The FMLA provides an eligible employee the right to 12 workweeks of leave to care for the employee’s spouse, child or parent with a serious health condition. Consequently, employers generally grant employee requests to use FMLA leave when their family member receives medical treatment or undergoes a surgical procedure. What happens when an employee requests FMLA leave to care for a family member during a trip to Hawaii or the Italian Riviera? Employers are sometimes suspicious of such requests, believing that the employee is improperly trying to exhaust FMLA instead of vacation leave. Recently, the U.S. Court of Appeals in Chicago addressed this issue in Ballard v. Chicago Park District, and found that an employee who sought to “care for” a family member during a trip to Las Vegas was within the meaning of the FMLA.
Former Park District employee Beverly Ballard requested unpaid FMLA leave so that she could accompany her mother on a trip to Las Vegas. Ballard’s mother, Sarah, had been diagnosed with end-stage congestive heart failure and began receiving hospice support. Ballard lived with her mother and acted as her primary caregiver. She cooked, administered medication and bathed and dressed Sarah. A hospice social worker met with Sarah to discuss her end-of-life goals. Sarah said she wanted to take a family trip to Las Vegas. The social worker was able to arrange a six-day trip to Las Vegas for Sarah’s family through a nonprofit organization that organizes such opportunities for terminally ill adults.
The District denied Ballard’s request to take FMLA leave. Nonetheless, Ballard went on the trip with her mother as planned. During the trip, Ballard cared for her mother in the same way she did at home. In addition, Ballard drove her mother to a hospital when a fire at their hotel denied them access to Sarah’s medication. Several months later, the District terminated Ballard for unauthorized absences taken as a result of the trip. Ballard then sued the District, alleging that its denial of her request for leave and subsequent termination for excessive absences violated the FMLA. In its defense, the District argued that Ballard did not “care for” her mother in Las Vegas because she was already providing Sarah with care at home. Also, the trip was not related to a continuing course of medical treatment. In making this argument, the District relied on two cases decided by the US Court of Appeals for the Ninth Circuit which is headquartered in California.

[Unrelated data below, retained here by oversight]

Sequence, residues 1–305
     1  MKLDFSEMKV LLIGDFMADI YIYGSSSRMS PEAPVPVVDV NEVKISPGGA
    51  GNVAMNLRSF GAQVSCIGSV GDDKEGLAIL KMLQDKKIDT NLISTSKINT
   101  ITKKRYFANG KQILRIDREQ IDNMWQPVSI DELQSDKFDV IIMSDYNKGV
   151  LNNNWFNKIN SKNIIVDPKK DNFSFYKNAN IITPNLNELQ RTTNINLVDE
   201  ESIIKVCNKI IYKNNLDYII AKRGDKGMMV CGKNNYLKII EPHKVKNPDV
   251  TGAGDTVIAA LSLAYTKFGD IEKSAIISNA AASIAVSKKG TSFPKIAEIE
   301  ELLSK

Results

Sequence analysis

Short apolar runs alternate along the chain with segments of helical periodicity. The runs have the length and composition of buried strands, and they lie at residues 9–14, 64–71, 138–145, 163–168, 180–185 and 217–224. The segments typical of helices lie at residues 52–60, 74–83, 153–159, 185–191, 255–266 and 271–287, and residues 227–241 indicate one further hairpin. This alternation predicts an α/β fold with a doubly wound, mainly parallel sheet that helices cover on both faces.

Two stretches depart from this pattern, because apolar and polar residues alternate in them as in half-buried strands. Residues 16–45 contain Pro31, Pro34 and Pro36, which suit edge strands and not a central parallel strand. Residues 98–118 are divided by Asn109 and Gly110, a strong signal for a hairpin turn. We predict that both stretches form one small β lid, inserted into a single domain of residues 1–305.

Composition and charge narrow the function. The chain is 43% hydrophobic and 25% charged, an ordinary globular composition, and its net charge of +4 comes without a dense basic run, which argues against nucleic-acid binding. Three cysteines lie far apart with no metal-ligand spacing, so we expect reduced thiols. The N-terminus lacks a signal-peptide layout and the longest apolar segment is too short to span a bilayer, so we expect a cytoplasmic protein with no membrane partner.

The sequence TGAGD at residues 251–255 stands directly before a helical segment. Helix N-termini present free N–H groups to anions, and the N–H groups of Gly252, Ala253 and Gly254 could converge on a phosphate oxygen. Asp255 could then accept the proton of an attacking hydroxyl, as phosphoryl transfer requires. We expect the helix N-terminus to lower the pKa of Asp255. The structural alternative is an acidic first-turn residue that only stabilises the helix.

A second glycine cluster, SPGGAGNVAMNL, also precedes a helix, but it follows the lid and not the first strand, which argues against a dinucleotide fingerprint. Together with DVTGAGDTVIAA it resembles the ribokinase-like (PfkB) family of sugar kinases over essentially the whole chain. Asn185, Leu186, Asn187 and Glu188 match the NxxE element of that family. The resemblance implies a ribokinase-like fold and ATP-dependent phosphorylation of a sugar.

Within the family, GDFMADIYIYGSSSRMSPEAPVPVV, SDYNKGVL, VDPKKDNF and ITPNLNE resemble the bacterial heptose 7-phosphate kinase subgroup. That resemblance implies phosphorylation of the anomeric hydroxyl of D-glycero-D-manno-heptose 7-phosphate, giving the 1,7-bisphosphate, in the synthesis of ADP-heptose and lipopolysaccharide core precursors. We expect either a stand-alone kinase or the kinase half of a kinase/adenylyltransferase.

The Court of Appeal in Chicago declined to follow the Ninth Circuit cases relied on by the District. The Court rejected the proposition that “caring for” a family member with a serious health condition does not require “some level of participation in ongoing treatment of that condition.” Instead, the Court held that, so long as the employee attends to the family member’s basic medical, hygienic or nutritional needs, that employee is “caring for” a family member, even if that care is not part of ongoing treatment of the condition. Further, the Court said there is no distinction in FMLA regarding the geographic location of the care. Thus, the Court concluded Ballard’s request for leave fell within the scope of the FMLA. The Court also noted that the facts of this case arose out of the hospice and palliative care context which suggests that the outcome could have been different under another factual scenario.
The Court’s decision in Ballard now creates a split among the federal courts regarding this issue. Until the U.S. Supreme Court decides this issue, California employers may still choose to rely on the Ninth Circuit’s interpretation that “caring for” a family member with a serious health condition requires some level of participation in ongoing treatment of that condition. Under this definition, California employers could legally deny a request for unpaid FMLA leave in circumstances similar to Ballard’s. However, just because the law may allow an employer to deny such a request, it does not necessarily mean that an employer should to do so. Sometimes the importance of showing compassion towards employees with terminally ill family members outweighs the minimum requirements of the law.